As Austin, Texas switched gears last week from its small and local ethos to make way for the globally headlining SXSW festival, I prepared to relinquish control of the city I’ve called home for the last few years.
As the downtown landscape transformed into a melting pot of ideas and creative energy, I was thrilled to learn about the festival’s first-ever Pakistani music showcase.
Now in it’s 29th year, the globally renowned SXSW music festival features performances from over 2,200 regional, national and international artists over 5 days of programming. This, coupled with Austin’s innate music culture makes the festival an incredible platform for musicians.
|Meekal Hassan Band at SXSW. —Photo courtesy: Meekal Hassan Band's Official Facebook page.|
Arriving at the Driskill Hotel in the heart of Austin’s music and nightlife district, I felt a swell of pride as the Sain Tanveer Brothers’ hypnotic drums filled the lobby. Outside the Victoria Room, a venue that is booked solid for showcases throughout the festival, other musicians from the line up interacted with the dynamic atmosphere of the festival.
Inside, a growing crowd made up of young Pakistani community members, students and general festivalgoers mingled intensely as Mai Dhai and her ensemble began to prep on stage.
|Musicians Mohram and Mai Dai performs onstage at the Pakistan Music showcase during the 2015 SXSW Music, Film + Interactive Festival at The Driskill Hotel —Photo courtesy: SXSW Official Facebook page|
The fairly intimate space was conducive to cross-cultural dialogue and general exchanges, and snatches of conversation about the impending Pak-Australia cricket match could be heard.
Mai Dhai’s no-nonsense, almost stoic commitment to the sound seemed to dispel chatter, however, and the crowd exuded a kind of hushed reverence as the performance began and she fiercely bellowed her strong, relentless vocals, continuing from one number to the next with minimum banter and discussion.
Members in the audience sat comfortably on the ground, swaying to the percussive rhythm. Apart from festive community members showing their support, serious music-lovers could be spotted silently paying homage to the band’s commanding performance.
|The audience listened, enchanted by Mai Dhai. —Photo courtesy: artsbeat.blogs.nytimes.com|
Sitting ramrod straight at her brightly adorned dhol, her tireless vocals and driving, powerful drumming was accompanied by the three other members of her band on the harmonium and two other dhols. A traditional Manganiyar singer from Tharparker in Interior Sindh, she and her band were introduced as the “the real ambassadors of Pakistani music.”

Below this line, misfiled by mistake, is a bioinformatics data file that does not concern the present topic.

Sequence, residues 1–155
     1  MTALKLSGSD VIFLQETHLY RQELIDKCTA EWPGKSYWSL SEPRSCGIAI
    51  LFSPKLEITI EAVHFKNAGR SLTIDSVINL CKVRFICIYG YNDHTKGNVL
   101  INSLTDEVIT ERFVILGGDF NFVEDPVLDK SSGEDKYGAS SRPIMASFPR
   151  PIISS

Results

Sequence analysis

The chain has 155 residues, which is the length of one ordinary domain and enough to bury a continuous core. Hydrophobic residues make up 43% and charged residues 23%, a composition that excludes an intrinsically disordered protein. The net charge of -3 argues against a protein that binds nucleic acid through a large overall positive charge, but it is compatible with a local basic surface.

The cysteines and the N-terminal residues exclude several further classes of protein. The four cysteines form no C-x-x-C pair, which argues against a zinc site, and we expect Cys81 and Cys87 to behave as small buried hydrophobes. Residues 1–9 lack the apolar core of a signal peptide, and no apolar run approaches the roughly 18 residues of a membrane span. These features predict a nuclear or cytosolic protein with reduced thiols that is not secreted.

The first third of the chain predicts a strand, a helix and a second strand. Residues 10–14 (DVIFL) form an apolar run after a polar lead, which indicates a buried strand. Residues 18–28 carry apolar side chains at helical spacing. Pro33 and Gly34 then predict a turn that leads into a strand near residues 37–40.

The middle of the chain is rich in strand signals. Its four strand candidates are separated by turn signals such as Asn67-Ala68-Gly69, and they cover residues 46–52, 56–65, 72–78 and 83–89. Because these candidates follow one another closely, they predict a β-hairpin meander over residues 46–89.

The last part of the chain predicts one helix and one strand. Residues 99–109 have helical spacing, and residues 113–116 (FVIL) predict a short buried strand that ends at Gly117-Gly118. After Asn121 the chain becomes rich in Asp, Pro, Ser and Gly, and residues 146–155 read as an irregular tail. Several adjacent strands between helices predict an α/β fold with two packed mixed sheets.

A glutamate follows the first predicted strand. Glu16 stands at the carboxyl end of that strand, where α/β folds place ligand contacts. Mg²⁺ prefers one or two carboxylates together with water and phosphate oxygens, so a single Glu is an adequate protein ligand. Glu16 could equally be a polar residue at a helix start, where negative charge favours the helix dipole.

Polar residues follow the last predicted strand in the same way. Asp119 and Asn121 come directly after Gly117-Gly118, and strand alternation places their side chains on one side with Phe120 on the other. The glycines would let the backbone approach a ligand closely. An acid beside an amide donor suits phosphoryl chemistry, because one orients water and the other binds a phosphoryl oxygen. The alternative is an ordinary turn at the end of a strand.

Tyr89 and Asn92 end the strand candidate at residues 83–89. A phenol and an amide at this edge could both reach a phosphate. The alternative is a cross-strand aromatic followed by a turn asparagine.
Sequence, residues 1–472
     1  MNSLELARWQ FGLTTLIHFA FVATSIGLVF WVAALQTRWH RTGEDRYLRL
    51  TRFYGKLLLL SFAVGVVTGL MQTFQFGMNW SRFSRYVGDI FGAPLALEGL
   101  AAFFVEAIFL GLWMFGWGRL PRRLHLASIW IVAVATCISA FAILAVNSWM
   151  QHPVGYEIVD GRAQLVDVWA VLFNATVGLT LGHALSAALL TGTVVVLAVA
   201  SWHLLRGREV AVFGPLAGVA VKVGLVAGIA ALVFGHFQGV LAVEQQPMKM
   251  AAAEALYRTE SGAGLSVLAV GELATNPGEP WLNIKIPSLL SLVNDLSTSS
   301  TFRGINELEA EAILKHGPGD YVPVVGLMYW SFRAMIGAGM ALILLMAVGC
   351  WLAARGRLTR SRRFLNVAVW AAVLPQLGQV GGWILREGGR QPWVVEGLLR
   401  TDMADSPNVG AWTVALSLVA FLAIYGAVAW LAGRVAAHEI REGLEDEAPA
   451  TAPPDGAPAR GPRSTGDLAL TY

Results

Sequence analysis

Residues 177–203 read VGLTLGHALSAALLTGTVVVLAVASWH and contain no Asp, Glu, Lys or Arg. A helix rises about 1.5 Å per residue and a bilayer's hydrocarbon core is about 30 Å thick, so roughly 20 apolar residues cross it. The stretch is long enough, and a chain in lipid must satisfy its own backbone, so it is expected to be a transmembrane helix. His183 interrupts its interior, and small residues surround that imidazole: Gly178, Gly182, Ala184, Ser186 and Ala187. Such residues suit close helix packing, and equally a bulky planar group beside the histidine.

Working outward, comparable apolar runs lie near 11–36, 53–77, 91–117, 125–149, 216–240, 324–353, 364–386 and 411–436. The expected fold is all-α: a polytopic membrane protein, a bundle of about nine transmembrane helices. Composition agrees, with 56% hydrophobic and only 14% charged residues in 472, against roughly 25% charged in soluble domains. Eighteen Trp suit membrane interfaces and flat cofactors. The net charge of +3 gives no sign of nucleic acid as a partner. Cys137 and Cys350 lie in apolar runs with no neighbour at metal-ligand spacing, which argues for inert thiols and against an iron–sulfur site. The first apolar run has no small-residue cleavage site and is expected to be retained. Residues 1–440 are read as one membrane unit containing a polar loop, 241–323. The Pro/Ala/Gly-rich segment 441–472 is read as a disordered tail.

Indeed, a rarely seen and distinct sound in the festival, Mai Dhai is one of many diverse voices brought together in this showcase. As a Pakistani, it was incredibly gratifying to see a global audience treated to Urdu, English, Pashto and Sindhi, as well as varying traditional, fusion and contemporary sounds in one night.
The complete line up featured the folk ensemble Sain Tanveer Brothers, Mai Dhai and her traditional Manganiyar singing and dhol, Khumeriyaan from Peshawar and their blended instrumental fusion sound, the Sufi-rock Meekal Hasan Band, pop-singer Haroon and lyric heavy indie group Poor Rich Boy.
|Poor Rich Boy performed at the Russian House. —Photo courtesy: Poor Rich Boy Official Facebook page.|
Attired in black shalwar kameez, traditional waistcoats and hats, Khumeriyaan came onto stage with traditional instruments, acoustic guitars, and a little bit of swagger.
Their first number enchanted the audience with an incredibly pretty, beguiling sound that highlighted repeating strains of the traditional drum (zerbaghali) and strings (Pushtoon sitar) complimented by the acoustic guitars.
After winning over the audience, the band had a little fun and ventured to teach everyone a few traditional dance moves. The rest of their set was equally hypnotic but faster paced, and the audience fully participated by moving to the frenzied rhythm.
|—Photo courtesy: Mariam Aziz|
Overall, the quality and diversity of the evening’s musical talents was as close to a representation of Pakistani music that one could hope to achieve in one night. As Meekal Hasan commented when sharing his thoughts on the evening, “Right now we’re at a crossroads where it is difficult to put your finger on what it really means to be Pakistani. This music precedes Pakistan’s creation, and it’s something that we all own.”
The mesh of distinct, strong musical voices, experienced through the focused lens of this festival was indeed a refreshing reminder of the power of our voice, and I felt lucky to be privy to such an evening.
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